I think the solution for higher real wages lies elsewhere. Such as universal pre-school education. (Also we could address the stagnating real incomes of workers by such measures as expanding the earned-income tax credit, shifting up the contribution thresholds for social security, etc.)
Thanks for your comment, though.
The dollar was bound to fall from its rather dramatic overvaluation even without the Plaza Accord. In my view, all the Accord did was to precipitate what was surely coming anyway.
Intervention is largely a way for currency traders to make money, as long as it is not accompanied by seriously binding capital controls.
“Actually, I don’t think the trade deficit as a percentage of GDP in fact “is much worse than in 1985.””
Well, according to FRED, in Q1/1985 it was -2.1% and in Q1/2015 it was -2.7%, so if the trade deficit in 1985 merited action, I’m not sure why the trade deficit today doesn’t.
“But in any case I don’t agree that the strong dollar and trade deficit means fewer jobs.”
A strong dollar, evidenced by a large trade deficit, is no different than a tariff on U.S. exports. Most economists would be violently opposed to tariffs. Certainly a tariff on U.S. exports would be regarded by most economists as reducing jobs in the U.S.
“If today we had a weaker dollar and stronger trade balance, then the Fed would have raised interest rates by now, before output and employment could get much higher than they currently are.”
All you are saying here is that the Fed will do anything necessary to suppress wages. It don’t doubt that unfortunate fact, but that is true no matter what the cause. It seems you are saying we should be satisfied with suppression of wages whether by exchange rate or by Fed actions.
“I think the solution for higher real wages lies elsewhere. Such as universal pre-school education.”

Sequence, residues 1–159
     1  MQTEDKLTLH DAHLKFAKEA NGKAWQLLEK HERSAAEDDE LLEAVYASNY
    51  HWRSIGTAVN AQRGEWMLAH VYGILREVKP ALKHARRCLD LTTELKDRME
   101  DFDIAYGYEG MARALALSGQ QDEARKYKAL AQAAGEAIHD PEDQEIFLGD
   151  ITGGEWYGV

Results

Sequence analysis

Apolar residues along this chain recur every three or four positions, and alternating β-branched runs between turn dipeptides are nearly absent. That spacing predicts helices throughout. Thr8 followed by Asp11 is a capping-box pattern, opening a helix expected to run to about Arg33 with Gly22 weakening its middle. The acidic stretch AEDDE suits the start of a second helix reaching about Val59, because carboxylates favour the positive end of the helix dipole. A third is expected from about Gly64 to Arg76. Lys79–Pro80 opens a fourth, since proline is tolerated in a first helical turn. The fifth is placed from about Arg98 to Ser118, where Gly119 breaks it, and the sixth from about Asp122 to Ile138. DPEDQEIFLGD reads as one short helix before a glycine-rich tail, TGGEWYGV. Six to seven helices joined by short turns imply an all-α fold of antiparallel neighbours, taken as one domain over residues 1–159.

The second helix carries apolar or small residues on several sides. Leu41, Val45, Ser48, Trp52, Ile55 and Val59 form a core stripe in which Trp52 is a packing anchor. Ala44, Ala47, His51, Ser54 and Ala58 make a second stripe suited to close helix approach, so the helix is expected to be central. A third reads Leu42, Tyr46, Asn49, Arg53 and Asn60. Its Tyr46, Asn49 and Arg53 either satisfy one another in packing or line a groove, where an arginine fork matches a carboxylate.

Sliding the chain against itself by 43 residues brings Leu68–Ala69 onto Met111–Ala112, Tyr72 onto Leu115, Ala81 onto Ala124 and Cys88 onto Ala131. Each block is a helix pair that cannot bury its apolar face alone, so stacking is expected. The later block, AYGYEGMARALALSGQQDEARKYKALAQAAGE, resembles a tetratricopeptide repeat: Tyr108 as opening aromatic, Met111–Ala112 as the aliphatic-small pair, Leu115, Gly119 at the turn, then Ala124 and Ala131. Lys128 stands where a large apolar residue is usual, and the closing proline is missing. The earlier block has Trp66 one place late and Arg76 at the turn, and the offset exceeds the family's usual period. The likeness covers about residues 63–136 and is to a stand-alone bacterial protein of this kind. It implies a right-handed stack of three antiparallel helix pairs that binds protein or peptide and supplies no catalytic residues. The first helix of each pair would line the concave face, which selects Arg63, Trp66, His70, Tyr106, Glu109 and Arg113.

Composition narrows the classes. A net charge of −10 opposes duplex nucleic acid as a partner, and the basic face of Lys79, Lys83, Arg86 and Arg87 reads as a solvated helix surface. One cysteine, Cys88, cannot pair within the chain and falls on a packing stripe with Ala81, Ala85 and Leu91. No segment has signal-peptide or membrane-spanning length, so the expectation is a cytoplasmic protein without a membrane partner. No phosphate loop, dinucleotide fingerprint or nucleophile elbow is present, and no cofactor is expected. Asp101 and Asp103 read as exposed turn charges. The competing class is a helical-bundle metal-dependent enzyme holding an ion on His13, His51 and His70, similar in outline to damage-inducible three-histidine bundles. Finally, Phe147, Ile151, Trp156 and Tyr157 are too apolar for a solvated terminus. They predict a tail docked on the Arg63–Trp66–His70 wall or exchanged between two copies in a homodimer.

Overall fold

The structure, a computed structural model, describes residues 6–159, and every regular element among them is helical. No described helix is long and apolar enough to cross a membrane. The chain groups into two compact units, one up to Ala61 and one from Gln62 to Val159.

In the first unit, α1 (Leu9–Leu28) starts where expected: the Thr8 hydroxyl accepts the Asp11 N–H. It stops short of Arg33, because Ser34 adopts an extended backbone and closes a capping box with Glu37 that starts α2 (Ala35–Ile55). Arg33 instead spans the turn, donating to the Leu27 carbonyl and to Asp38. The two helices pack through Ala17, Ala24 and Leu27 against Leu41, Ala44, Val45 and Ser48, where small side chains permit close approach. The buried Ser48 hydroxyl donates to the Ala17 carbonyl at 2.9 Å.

So your solution is that we just cool our heels for the next twenty years and patiently wait for pre-school education to fix the problem of stagnate wages? Seems like a convenient way of ducking the issue. Pre-school education that is by no means forthcoming, by the way.
Interesting paper. In general I agree with you especially in your response to Joseph’s confused economics.
My difference is that the economic climate of 1985 was much different from the climate of today. Actions by the new financial team of President Reagan was know to be monetarist. Treasury Secretary James Baker III was known to favor weakening the dollar causing concern on foreign markets (see Peter T. Kilborn in The New York Times 1987). White House Chief of Staff Don Regan was forced out and replaced by Sen. Howard Baker who favored raising taxes and trade sanctions on Japan. Finally, Paul Volker who had engineered and was a defender of stable exchange rates was replaced by Alan Greenspan who favored floating exchange rates. Evans & Novak wrote a column aptly titled “Reagan’s Surrender.” The result of the interventions of this new finance team was Black Monday on October 19, 1987.